Cloud giants such as AWS and Google are embracing the channel as they look to capitalise on the "next phase" of cloud adoption, according to Canalys.
The analyst says that AWS, Microsoft and Google grew their cloud infrastructure revenues by 43 per cent, 93 per cent and 74 per cent respectively in Q1, year on year, as the overall market rose by 42 per cent to $11.4bn.
But this trio have concluded that building an indirect business will be the only way to maintain that order of growth, Canalys principal analyst Matthew Ball told CRN.
"We're seeing the next phase of cloud adoption beyond the big marquee projects like Netflix and Snapchat," he said. "The cloud providers are now looking at corporate and mid-market accounts, and for that they need greater reach and scale, and that's where the role of the channel comes in.
"So we are seeing a lot of the big cloud providers, AWS and Google in particular - those that haven't come from an enterprise IT background - starting to mature their partner programmes and channel engagements. They are looking to focus on that more because they recognise that the channel has those relationships with customers. So we believe that the channel will be a part of their go-to-market strategies going forward, especially if they want to maintain their high levels of growth each quarter and year."
Canalys pegged AWS' Q1 cloud infrastructure sales at over $3.5bn, but the market leader's success need not be at the cost of the channel, said Ball, who argued that the rise of cloud has in some cases expanded the role played by resellers.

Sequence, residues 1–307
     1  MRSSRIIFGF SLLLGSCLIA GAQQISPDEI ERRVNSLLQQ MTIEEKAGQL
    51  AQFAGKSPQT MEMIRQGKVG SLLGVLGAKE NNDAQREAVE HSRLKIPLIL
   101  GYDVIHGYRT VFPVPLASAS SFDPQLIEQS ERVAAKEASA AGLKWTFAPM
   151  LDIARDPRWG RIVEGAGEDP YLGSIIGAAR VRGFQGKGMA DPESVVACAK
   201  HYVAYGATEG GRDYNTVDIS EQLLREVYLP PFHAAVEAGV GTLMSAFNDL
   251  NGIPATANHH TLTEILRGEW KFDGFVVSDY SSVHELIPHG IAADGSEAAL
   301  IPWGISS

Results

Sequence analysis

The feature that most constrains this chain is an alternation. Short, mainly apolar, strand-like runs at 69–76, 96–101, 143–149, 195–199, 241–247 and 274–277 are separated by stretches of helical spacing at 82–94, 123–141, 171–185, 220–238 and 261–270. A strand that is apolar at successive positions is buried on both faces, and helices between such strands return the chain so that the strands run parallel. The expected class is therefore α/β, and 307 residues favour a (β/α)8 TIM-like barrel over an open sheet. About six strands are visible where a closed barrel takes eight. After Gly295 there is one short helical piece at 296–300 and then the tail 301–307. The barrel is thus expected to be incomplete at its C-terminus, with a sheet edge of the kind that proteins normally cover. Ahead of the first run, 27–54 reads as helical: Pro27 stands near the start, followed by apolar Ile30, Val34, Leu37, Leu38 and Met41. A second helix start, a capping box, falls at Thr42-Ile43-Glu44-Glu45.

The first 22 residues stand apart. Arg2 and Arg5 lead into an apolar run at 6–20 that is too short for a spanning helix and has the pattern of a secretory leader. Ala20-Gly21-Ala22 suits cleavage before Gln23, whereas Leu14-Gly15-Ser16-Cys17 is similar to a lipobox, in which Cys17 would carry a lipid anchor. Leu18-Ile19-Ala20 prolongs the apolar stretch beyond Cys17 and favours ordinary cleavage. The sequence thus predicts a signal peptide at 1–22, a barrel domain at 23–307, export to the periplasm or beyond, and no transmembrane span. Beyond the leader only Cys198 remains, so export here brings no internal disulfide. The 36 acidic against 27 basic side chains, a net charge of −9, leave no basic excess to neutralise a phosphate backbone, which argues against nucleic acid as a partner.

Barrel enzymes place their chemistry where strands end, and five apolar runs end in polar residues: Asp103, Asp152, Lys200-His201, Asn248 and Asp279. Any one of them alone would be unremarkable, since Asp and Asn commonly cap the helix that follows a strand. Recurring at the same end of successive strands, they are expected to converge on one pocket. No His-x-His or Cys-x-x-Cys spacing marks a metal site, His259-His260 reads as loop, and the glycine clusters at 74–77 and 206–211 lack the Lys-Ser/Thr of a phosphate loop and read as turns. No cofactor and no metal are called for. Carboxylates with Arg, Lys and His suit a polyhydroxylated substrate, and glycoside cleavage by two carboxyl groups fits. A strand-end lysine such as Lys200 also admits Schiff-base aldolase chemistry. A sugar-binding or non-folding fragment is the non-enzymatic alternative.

"The channel has made good business selling datacentre infrastructure in the past, and we believe they still will do going forward," he said. "Cloud is another choice for customers in terms of how they operate their IT environments and, for sure, it's a concern for channel partners. But we've seen some partners being affected by cloud and others changing their business model to develop consultancy or professional services to help their customers define a cloud environment.
"The key thing is that we see customers opting for a multi-cloud environment - picking at least two of the big four providers, and mixing that with on-premise IT infrastructure, whether that's for compliance or security reasons, or whatever. The level of complexity is increasing, so that's the role of the channel partner: to help customers overcome that complexity. Potentially that means channel partners' business models will evolve and change, and we will potentially see them developing more managed services as a result."
The nature of cloud sparked fears that the channel could and would be cut out of the loop on deals, but Ball said that cloud has not changed the fundamental economics of the direct-versus-indirect debate.
"The cost of a direct engagement, beyond the very largest global multinationals, is really expensive, and that has always been one of the advantages of an indirect model," he said.
Chief exec Jens Montanana claims Logicalis performed well despite 'currency headwinds'
All the photos from last night's event, which saw over 600 people congregate at the Hilton London Bankside
Five year deal with Essex NHS Trust will cover 400 sites, including hospitals, clinics and GP practices
18 individuals and three companies walked away as winners at CRN's inaugural Women in Channel Awards last night